York County soldiers helped construct defenses near Harrisburg during the Gettysburg Campaign
In early June 1863, persistent rumors spread throughout south-central Pennsylvania that the Confederate army planned to cross the Mason-Dixon Line and invade the state. Some believed that the incursion would merely be a cavalry raid, similar to J.E.B. Stuart’s October 1862 raid which came within 6 miles of Gettysburg and sent residents fleeing to safety. Others feared a much larger scale, with the worst case scenario Robert E. Lee’s entire Army of Northern Virginia marching unmolested to the state capital.
Many towns began organizing home guard units to protect their own regions, including more than 5,000 men who organized themselves in the Juniata River area. More than a thousand men began drilling in various places in Lancaster County.
In York on June 23, David Z. Seip finished recruiting men for a company of volunteers in response to Governor Andrew G. Curtin’s initial call for emergency troops for a six-month period. Seip became captain of Company B, First Battalion, Pennsylvania Six Months Volunteers, a command organizing in Harrisburg. They were mustered into the service on June 29, joining with six other companies under Lt. Col. Joseph F. Ramsey to form the new battalion. Their comrades came from Tioga, Montour, Cumberland, and Lancaster counties, as well two companies of volunteers from Philadelphia.
Seip and his men would be busy throughout the summer. The Rebels indeed were coming toward Harrisburg.
Governor Curtin and his military advisers had long known that the #1 defense of Harrisburg was the natural barrier of the Susquehanna River. It had few fords and easy crossing points other than a series of long bridges leading from Bridgeport (now Lemoyne) to the capital. Defending those bridges became of paramount importance to defensive plans. On June 11, Major General Darius N. Couch arrived from Washington to take command of the new Department of the Susquehanna, which spanned some 34,000 square miles from the Laurel Highlands eastward. Railroad men had begun building defenses on the Bridgeport side of the river, and now Couch and a group of engineers planned a series of forts and earthworks there.
The focal point became Hummel Heights, a commanding rise near Bridgeport which offered an excellent view of any oncoming Confederates. Work intensified on the earthworks with thousands of soldiers, including Captain Seip and his York Countians, at work by June 24, even as the Confederate army marched into Franklin County and occupied Chambersburg. Many of the soldiers were New York State Militia or New York State National Guard units, sent hastily by train from New York City, Buffalo, Albany, and other Empire State locations. Others were from various parts of Pennsylvania. A handful were from New Jersey.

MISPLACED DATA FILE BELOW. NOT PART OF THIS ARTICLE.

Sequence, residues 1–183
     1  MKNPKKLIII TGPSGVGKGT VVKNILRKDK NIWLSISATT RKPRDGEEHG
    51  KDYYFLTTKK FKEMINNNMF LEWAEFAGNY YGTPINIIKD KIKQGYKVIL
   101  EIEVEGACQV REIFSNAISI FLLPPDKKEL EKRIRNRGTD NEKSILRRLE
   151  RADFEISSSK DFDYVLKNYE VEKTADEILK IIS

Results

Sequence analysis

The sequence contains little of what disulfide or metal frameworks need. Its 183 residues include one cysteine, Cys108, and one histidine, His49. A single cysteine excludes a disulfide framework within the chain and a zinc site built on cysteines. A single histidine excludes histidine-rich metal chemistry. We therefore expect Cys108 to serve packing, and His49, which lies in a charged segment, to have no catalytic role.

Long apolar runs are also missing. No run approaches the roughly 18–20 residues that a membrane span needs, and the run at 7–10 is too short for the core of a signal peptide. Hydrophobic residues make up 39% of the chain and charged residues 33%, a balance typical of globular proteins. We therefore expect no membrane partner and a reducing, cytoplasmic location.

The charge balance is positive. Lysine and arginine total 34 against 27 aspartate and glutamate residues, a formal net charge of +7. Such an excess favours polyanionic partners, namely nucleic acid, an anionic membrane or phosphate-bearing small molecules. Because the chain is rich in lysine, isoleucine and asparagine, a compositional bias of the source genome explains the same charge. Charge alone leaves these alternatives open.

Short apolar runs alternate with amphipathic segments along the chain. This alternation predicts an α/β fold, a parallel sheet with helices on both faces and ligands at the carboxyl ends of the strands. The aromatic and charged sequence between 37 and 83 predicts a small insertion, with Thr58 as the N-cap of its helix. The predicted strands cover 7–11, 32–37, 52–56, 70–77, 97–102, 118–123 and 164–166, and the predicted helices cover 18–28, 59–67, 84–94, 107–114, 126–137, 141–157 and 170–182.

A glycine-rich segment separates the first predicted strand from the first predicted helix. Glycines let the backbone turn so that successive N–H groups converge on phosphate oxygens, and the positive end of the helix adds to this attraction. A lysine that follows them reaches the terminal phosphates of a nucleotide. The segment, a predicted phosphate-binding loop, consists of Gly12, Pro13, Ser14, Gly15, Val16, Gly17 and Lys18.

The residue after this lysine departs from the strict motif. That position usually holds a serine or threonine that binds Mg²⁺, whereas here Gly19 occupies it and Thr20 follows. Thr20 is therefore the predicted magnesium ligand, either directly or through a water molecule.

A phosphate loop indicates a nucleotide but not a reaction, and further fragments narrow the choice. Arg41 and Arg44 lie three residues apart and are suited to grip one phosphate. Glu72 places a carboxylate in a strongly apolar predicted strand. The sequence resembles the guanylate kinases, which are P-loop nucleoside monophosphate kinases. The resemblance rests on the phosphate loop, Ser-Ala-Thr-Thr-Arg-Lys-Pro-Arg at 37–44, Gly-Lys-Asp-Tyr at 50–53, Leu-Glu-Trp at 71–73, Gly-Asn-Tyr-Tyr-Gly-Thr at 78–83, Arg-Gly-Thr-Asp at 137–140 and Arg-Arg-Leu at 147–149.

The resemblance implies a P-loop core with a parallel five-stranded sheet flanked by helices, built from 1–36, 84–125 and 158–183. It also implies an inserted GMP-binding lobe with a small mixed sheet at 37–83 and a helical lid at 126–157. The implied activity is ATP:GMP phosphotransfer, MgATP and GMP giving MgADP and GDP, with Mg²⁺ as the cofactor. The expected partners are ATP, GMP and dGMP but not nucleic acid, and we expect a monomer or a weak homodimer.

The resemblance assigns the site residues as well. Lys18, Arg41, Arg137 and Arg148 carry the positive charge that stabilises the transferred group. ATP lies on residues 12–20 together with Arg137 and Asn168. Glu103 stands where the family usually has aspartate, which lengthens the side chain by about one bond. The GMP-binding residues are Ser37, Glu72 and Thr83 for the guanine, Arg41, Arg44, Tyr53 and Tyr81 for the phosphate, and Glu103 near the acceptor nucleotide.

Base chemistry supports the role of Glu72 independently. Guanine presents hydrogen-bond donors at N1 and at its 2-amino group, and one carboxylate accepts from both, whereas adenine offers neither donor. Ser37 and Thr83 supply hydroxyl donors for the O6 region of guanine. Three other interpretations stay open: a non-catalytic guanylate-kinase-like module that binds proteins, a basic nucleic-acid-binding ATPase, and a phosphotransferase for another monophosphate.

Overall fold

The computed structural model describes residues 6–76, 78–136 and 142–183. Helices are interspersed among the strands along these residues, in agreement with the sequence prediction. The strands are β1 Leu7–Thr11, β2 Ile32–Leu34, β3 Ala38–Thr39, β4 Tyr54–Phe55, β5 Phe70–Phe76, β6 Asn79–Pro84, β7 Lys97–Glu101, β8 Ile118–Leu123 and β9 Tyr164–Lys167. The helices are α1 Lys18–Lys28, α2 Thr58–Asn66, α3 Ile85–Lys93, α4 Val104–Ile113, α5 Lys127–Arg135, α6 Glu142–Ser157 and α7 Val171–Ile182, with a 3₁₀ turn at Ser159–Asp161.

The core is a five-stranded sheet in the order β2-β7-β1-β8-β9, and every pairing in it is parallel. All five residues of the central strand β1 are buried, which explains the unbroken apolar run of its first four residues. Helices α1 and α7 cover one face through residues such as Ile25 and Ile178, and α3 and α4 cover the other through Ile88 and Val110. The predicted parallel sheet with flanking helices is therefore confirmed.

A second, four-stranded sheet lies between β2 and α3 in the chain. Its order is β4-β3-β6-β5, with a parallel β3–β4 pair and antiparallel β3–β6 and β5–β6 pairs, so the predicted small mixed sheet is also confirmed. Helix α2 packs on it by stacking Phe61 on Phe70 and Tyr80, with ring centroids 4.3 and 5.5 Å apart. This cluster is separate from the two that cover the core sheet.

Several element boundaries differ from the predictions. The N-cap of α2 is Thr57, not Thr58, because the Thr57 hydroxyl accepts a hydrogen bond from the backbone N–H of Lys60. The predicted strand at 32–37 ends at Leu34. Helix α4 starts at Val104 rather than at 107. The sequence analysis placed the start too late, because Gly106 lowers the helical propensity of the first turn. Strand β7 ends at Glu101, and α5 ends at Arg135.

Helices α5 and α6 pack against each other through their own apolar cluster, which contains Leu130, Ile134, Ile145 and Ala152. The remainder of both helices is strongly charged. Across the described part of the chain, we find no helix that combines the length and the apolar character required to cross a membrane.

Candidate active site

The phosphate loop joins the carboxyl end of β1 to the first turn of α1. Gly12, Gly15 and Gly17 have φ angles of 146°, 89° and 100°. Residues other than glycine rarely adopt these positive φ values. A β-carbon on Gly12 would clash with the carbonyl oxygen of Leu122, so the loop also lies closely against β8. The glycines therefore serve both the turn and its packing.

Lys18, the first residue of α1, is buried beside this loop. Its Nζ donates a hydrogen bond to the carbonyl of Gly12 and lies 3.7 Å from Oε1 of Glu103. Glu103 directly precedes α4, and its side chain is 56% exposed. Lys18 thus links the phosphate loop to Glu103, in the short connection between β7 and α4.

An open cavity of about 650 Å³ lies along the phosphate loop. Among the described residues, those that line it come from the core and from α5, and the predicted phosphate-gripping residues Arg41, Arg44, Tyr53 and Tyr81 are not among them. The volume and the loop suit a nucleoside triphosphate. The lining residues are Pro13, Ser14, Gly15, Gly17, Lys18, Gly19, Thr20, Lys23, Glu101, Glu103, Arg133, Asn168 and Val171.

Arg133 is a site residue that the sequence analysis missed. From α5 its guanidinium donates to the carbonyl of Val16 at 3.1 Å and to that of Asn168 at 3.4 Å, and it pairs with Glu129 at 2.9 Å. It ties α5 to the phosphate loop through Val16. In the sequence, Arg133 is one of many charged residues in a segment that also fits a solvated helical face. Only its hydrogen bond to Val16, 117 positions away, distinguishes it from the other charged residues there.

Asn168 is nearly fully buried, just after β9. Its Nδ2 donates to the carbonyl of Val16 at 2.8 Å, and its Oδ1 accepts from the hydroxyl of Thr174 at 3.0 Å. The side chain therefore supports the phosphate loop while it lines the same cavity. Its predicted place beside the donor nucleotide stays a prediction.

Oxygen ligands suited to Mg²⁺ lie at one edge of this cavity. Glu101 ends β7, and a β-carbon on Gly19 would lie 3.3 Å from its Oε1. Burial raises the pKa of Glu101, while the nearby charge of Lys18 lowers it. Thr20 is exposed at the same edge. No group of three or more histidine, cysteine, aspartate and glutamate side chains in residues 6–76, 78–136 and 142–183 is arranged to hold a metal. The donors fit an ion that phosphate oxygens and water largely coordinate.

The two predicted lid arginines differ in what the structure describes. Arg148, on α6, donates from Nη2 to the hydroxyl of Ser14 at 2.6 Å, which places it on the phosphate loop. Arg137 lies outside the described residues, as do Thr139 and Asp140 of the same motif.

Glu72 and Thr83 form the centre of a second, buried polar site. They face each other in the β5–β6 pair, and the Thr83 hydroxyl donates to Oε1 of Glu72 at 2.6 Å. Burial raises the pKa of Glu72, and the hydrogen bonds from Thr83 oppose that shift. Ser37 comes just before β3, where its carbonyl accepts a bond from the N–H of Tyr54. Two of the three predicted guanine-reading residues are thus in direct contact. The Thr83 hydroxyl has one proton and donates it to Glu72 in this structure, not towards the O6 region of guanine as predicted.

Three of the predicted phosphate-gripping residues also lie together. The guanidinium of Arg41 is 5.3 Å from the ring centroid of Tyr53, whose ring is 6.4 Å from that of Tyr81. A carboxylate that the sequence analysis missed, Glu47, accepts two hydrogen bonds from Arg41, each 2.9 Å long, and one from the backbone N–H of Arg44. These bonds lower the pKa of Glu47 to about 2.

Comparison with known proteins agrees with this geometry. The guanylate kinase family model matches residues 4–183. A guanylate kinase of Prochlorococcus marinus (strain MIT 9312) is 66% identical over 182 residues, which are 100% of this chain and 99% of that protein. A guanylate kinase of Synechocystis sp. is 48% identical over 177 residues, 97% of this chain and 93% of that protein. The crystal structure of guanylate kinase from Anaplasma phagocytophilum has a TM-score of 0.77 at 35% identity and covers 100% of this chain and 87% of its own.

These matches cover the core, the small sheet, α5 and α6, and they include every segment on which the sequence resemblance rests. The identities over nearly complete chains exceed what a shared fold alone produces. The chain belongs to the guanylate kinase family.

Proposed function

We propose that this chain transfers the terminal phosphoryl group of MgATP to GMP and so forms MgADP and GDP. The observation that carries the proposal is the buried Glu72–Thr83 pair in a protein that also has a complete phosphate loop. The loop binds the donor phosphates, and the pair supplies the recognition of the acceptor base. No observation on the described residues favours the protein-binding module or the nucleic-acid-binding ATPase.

The History of the First Battalion, Six Months Volunteers briefly mentions this early service: “The Battalion was at once placed on duty in and around the city of Harrisburg, and was kept busy day and night. It looked after the large amount of Government stores at Camp Curtin, and other points in the city. It assisted in building Fort Washington, on the heights above Bridgeport, on the opposite side of the river, and several times it was sent up the Cumberland Valley to resist any advance made by the Rebels.”
Remains of the earthworks (Fort Couch in particular) are still visible in Lemoyne.
After the Rebels retreated from Pennsylvania following the Battle of Gettysburg in July, Captain Seip and Company B, along with companies F and G, received orders to travel to Gettysburg. There they “assisted there in the care of the Government stores that had been left on the field at the time of the battle.”
In early 1864, most of the company re-enlisted in what became the 187th Pennsylvania Infantry and served for the rest of the war. They saw combat as part of the Army of the Potomac’s actions in the Overland Campaign and the Siege of Petersburg. On June 25, 1865, Captain Seip received a promotion to major of the regiment. He mustered out on August 3, 1865. Shortly thereafter, Seip and his now civilian comrades finally returned to York County.
David Z. Seip was born on May 4, 1837, in the borough of York. He was the son of Emanuel and Ester (Zorger) Seip. At the time of his enlistment, he worked as a cigar maker. The 1860 Census indicates he lived with and/or worked for master cigar maker Thomas Holland in York. Seip stood 5′ 10″ tall and had black hair and hazel eyes, according to researcher Dennis W. Brandt’s fine database of York County soldiers on-line on the website of the York County Heritage Trust. He was single. When he enlisted, he gave his age as 24, but he was really 26 according to Dennis.
After the war, Seip moved to Philadelphia and established a business at 8 South Fourth Street where he sold manufactured and sold tobacco and cigars. He frequently attended reunions of the Survivors Association of the 187th Pennsylvania.
Seip died on his birthday in 1911 and is buried in Greenmount Cemetery in York.